BIROn - Birkbeck Institutional Research Online

    Health and health belief factors associated with screening and help-seeking behaviours for breast cancer symptoms: a systematic review and meta-analysis of the European evidence

    Grimley, C.E. and Kato, P.M. and Grunfeld, Elizabeth (2019) Health and health belief factors associated with screening and help-seeking behaviours for breast cancer symptoms: a systematic review and meta-analysis of the European evidence. British Journal of Health Psychology , ISSN 1359-107X. (In Press)

    [img] Text
    Systematic_review-BJHP revisions 23-10-19 version sent.pdf - Author's Accepted Manuscript
    Restricted to Repository staff only until 26 December 2020.

    Download (355kB) | Request a copy

    Abstract

    Purpose: The aim of this systematic review was to identify health or health belief factors associated with mammography attendance or with self-initiated medical help-seeking for breast cancer symptoms among women in Europe. Methods: Five databases were searched for articles published between 2005 and 2018. Meta-analyses were conducted for 13 factors related to screening attendance and two factors associated with help-seeking behaviour. Where there were too few studies to include in the meta-analysis a narrative synthesis was undertaken. Results: Sixty-five studies were included. Never having had cervical screening (d=-0.72, p<0.001) and higher perceived barriers to mammography (d=-0.40, p<0.001) were associated with lower levels of screening attendance. Possessing health insurance (d=0.49, p<0.001), greater perceived benefits (d=0.31, p<0.001) and motivation (d=0.36, p=0.003) towards screening, and higher perceived seriousness (d=0.24, p=0.019) and susceptibility (d=0.20, p=0.024) towards breast cancer were associated with a higher level of screening attendance. Presenting with a non-lump symptom was associated with a longer time to presentation (d=0.32, p<0.001). The narrative synthesis revealed that previous benign breast disease was associated with a higher level of screening attendance but with a longer time to presentation. Conclusions: The review identified key similarities in factors associated with screening and help-seeking behaviours which offer scope for combined interventions aimed at women that target both behaviours. Furthermore, the review highlighted that fewer studies have focused on help-seeking behaviour, despite two thirds of breast cancer cases being self-detected. Future research should further examine predictors of help-seeking behaviour including a focus on modifiable factors, such as BMI, and physical activity.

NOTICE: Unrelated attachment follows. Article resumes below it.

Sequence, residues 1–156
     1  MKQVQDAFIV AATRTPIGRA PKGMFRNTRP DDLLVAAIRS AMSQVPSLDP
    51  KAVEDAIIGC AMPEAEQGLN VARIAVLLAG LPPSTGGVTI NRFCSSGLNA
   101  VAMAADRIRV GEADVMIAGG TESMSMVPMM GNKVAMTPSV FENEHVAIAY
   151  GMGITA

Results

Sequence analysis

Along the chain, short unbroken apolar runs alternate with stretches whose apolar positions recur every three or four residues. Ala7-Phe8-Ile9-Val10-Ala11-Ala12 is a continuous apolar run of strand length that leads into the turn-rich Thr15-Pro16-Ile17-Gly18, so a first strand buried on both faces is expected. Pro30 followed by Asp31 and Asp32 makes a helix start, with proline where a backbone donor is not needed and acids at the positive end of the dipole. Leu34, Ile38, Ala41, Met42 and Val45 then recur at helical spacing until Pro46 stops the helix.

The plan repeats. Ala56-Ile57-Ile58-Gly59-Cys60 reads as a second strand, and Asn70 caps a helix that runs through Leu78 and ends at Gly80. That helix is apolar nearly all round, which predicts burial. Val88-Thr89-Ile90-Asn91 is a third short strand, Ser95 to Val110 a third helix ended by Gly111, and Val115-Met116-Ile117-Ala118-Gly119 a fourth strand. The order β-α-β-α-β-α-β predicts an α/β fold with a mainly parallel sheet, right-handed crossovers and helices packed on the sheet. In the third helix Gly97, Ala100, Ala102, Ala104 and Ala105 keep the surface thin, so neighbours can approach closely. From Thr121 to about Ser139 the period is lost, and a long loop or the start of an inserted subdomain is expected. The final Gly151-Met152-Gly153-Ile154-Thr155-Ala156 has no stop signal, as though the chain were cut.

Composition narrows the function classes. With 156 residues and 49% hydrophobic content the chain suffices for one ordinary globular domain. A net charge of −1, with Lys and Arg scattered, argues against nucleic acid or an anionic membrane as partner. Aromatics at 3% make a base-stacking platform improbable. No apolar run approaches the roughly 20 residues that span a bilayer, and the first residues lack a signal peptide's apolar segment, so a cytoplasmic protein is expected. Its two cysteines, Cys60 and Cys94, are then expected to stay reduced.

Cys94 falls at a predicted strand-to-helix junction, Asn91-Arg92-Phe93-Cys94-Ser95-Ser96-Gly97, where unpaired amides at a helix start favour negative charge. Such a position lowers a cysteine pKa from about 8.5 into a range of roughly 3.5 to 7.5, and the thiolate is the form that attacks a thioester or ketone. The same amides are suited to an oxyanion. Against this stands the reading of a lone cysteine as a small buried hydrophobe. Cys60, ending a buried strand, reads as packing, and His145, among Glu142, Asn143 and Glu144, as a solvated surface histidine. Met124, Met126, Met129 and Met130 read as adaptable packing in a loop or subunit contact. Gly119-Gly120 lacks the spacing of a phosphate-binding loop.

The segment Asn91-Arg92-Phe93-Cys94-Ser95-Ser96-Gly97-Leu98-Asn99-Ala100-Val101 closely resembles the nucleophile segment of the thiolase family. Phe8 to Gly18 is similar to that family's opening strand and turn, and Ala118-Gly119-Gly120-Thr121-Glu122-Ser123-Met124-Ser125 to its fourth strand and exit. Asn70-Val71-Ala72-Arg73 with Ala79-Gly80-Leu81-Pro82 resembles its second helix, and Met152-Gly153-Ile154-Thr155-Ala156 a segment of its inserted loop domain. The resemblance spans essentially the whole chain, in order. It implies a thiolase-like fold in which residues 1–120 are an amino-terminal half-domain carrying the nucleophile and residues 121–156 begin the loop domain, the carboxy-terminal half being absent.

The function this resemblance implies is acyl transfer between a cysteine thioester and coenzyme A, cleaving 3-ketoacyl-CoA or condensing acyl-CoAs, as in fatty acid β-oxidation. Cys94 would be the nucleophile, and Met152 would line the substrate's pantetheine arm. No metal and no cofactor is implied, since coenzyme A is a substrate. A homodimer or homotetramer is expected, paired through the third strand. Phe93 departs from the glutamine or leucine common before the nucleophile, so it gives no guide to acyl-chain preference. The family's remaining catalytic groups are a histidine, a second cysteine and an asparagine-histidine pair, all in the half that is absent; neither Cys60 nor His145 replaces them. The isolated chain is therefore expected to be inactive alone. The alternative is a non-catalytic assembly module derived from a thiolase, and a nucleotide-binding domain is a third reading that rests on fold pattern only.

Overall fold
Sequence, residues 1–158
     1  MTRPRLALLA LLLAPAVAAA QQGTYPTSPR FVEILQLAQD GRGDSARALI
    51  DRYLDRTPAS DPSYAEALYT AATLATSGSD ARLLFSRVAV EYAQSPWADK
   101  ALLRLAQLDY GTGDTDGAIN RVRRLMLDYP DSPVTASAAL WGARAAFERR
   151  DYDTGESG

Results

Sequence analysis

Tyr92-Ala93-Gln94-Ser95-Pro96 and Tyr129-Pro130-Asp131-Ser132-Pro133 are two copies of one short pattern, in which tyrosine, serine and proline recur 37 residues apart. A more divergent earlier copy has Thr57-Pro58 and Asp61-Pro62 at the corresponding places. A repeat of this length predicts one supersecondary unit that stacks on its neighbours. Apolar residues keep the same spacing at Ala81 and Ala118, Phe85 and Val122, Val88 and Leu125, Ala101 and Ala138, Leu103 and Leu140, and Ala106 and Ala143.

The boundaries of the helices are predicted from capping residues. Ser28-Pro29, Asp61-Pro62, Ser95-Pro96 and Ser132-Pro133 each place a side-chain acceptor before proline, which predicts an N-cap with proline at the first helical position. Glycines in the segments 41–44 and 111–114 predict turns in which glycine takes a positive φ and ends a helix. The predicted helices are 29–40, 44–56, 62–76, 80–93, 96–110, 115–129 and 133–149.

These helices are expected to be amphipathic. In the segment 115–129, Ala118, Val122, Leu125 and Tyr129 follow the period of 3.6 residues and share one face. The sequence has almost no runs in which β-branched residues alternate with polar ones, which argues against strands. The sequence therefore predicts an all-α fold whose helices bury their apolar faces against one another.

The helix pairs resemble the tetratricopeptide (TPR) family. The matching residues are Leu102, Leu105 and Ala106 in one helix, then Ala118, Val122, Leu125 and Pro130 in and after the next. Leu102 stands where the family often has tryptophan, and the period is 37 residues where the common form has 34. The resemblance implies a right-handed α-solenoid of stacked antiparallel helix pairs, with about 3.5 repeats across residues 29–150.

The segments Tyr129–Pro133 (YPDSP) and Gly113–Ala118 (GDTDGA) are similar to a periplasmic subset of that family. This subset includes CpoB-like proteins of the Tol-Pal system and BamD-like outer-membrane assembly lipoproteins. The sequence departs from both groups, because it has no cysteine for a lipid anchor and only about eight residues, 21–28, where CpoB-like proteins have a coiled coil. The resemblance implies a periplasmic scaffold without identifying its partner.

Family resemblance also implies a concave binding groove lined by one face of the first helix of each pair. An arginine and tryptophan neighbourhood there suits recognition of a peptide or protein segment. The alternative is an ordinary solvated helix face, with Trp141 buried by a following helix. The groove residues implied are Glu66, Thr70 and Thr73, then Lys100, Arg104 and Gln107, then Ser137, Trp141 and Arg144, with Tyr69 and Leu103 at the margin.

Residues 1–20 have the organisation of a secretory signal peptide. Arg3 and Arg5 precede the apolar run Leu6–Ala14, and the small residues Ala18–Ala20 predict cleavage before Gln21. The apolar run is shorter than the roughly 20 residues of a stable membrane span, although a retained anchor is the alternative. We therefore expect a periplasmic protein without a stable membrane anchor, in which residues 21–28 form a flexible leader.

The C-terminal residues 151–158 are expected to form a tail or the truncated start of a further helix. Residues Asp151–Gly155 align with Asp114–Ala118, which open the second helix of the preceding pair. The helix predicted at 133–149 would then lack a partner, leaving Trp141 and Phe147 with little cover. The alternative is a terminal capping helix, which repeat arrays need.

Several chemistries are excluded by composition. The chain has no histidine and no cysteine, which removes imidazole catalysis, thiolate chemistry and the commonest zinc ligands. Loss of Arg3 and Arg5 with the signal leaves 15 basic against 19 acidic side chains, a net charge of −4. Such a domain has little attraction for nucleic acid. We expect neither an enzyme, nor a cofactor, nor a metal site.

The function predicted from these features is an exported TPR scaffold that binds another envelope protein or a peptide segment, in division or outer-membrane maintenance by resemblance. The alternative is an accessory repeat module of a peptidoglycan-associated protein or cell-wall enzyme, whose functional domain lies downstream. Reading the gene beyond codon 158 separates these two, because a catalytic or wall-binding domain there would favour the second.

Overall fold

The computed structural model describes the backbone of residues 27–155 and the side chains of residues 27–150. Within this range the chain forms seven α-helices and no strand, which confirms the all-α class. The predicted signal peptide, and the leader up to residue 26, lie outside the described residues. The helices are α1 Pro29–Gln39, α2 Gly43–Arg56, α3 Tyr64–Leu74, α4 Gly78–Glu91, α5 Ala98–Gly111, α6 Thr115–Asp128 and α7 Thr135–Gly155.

Metadata

    Item Type: Article
    Additional Information: This is the peer reviewed version of the article, which has been published in final form at the link above. This article may be used for non-commercial purposes in accordance with Wiley Terms and Conditions for Self-Archiving.
    Keyword(s) / Subject(s): Breast cancer, screening, mammography, help-seeking, meta-analysis
    School: Birkbeck Schools and Departments > School of Science > Psychological Sciences
    Research Centre: Medical Humanities, Centre for
    Depositing User: Beth Grunfeld
    Date Deposited: 12 Nov 2019 15:31
    Last Modified: 13 Jan 2020 19:29
    URI: http://eprints.bbk.ac.uk/id/eprint/29831

    Statistics

    Downloads
    Activity Overview
    2Downloads
    50Hits

    Additional statistics are available via IRStats2.

    Archive Staff Only (login required)

    Edit/View Item Edit/View Item